Property/casualty insurers in the United States have reported increased profitability through nine months of 2015 but are facing serious challenges ahead—many of which are evident in a press release and report on insurer results that we published with the Property Casualty Insurers Association of America (PCI).
On the one hand, insurers’ net income and profitability continue to grow. Their net income after taxes grew to $44.0 billion in the first nine months of 2015 from $37.8 billion in nine-months 2014. Their overall profitability as measured by their rate of return on average policyholders’ surplus also rose—to 8.8 percent in nine-months 2015 from 7.6 percent in nine-months 2014.
On the other hand, insurers continued to face a difficult investment environment. Their annualized investment yield during the first nine months of 2015 was just 3.1 percent, compared with an average of 5.1 percent from 1960 to 2014. That yield is unlikely to improve anytime soon.
Nevertheless, insurers have seen strong results recently in an uncertain economic environment. Consider the following observations from our report:
Combined ratio, net underwriting gains, and net written premium growth improved: Insurers’ combined ratio—a key measure of losses and other underwriting expenses per dollar of premium—improved to 96.9 percent for nine-months 2015 from 97.7 percent for nine-months 2014. At the same time, net underwriting gains increased to $7.1 billion from $4.2 billion, and net written premium growth increased to 4.1 percent from 4.0 percent.
Earned premium growth exceeded increase in losses and loss adjustment expenses (LLAE): The improvement in underwriting results is mainly due to the growth in earned premiums in excess of the growth in LLAE. In nine-months 2015, earned premiums grew 3.9 percent to $376.8 billion, while LLAE rose just 2.7 percent to $260.0 billion, other underwriting expenses grew 4.3 percent to $108.4 billion, and policyholders’ dividends rose 6.5 percent to $1.3 billion. As a result, net underwriting gains increased to $7.1 billion from $4.2 billion in nine-months 2014. Notably, the decrease in catastrophe losses helped to suppress overall LLAE growth: direct insured property losses from catastrophes striking the United States totaled $13.0 billion in nine-months 2015, down $1.7 billion from $14.8 billion in nine-months 2014 and $1.9 billion below the $14.9 billion average for the past ten years.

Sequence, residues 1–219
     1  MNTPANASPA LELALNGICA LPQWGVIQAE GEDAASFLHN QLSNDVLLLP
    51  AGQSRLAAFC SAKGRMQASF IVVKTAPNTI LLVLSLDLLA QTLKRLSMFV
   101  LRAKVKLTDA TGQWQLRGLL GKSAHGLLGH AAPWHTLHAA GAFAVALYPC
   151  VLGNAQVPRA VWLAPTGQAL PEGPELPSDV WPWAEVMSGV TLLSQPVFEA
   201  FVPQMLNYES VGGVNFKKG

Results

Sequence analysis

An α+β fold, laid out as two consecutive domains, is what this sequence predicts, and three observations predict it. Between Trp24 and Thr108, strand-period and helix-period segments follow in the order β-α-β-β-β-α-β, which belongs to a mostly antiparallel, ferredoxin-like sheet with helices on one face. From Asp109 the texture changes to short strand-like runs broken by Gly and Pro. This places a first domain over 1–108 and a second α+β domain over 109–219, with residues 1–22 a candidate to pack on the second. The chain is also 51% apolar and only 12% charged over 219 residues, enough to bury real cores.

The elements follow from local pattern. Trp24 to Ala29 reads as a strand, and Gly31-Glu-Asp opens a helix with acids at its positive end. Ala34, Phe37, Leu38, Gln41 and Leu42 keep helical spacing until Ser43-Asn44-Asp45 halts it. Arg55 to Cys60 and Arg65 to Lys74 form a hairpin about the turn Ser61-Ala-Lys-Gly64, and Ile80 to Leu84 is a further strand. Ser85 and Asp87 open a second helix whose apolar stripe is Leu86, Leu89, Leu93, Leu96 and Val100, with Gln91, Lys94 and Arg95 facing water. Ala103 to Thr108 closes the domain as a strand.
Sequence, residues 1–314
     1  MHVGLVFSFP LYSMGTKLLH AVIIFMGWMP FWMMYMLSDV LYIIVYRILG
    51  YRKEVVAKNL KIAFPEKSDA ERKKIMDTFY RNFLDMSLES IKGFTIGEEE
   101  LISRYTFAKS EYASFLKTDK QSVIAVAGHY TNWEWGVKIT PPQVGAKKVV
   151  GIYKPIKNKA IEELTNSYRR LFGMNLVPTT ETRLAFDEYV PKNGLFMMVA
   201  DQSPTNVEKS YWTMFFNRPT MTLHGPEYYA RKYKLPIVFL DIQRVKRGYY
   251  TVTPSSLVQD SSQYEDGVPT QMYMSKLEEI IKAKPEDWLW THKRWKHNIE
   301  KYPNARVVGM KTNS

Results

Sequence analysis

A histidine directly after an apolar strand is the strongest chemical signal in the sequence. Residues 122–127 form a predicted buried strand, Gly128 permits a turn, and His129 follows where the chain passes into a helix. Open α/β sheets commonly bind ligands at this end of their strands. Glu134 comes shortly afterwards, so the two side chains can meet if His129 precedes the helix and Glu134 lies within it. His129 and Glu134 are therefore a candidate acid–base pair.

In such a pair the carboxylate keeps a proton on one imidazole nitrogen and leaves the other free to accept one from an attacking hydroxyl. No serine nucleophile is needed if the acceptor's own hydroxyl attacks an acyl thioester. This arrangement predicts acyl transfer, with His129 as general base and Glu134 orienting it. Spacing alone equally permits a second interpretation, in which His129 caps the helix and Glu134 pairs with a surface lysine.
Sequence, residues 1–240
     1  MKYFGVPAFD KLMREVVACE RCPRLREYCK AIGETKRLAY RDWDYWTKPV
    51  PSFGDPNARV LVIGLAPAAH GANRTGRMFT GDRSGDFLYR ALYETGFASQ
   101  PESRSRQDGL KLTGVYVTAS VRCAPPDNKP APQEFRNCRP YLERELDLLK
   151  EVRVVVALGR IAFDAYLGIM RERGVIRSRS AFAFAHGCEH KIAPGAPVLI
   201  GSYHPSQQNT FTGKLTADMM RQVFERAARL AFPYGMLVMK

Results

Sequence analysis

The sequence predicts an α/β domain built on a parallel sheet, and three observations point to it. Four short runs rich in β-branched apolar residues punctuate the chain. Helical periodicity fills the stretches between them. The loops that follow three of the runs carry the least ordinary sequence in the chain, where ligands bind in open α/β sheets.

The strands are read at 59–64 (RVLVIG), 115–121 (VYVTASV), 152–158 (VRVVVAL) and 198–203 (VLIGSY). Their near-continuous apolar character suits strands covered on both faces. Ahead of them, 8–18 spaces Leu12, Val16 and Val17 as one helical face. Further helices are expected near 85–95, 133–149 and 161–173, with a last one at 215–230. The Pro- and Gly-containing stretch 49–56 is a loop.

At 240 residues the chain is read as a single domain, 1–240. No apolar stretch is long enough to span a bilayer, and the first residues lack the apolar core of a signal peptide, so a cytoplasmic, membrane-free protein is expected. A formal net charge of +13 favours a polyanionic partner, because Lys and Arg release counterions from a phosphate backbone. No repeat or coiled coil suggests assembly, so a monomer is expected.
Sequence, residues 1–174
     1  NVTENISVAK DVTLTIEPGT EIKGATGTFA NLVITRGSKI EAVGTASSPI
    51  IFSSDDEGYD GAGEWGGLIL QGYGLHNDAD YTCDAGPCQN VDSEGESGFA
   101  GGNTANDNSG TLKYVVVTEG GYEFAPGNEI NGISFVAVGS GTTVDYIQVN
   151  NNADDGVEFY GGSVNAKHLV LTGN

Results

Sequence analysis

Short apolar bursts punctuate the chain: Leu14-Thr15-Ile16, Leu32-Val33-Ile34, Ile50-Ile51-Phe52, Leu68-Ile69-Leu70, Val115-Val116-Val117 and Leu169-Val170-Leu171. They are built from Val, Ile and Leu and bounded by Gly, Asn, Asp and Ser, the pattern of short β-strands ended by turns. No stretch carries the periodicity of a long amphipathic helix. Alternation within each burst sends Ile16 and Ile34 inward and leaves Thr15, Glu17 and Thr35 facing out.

The question is whether the underwriting gains will continue.Over the last three years, insurers’ underwriting discipline, helped by a decline in catastrophic losses, has produced eight (out of twelve) quarters of underwriting gains. That is what insurers need in the times when the investment income is low. Historically, such underwriting performance was rarely attained—since the beginning of ISO’s quarterly records in 1986, insurers saw underwriting gains in only 17 of 108 quarters through year-end 2012.
But what if the insurance industry relaxes its underwriting discipline? Or what happens when the catastrophe losses return to more typical levels? Those underwriting gains could evaporate.
The reality is that to succeed in any line of business today insurers need the tools to make the best possible underwriting decisions. At ISO, we’re working hard to develop products that serve, add value, and innovate for insurers. ISO Risk Analyzer® is a suite of predictive models that help carriers classify, segment, and price their insurance risks. These tools examine hundreds of indicators and predict expected losses at the policy level by major coverage or peril. It’s currently available for the following lines: homeowners, personal auto, commercial auto, and businessowners.
We’re also developing other products and services to help insurers manage risks. Learn more by visiting and subscribing to our Between the Lines newsletter. Also stay tuned for a number of events this year where ISO professionals will be speaking about emerging issues in insurance and will be available to meet with you.
If you have any questions, please feel free to contact me at Beth.Fitzgerald@verisk.com or 201-469-2822.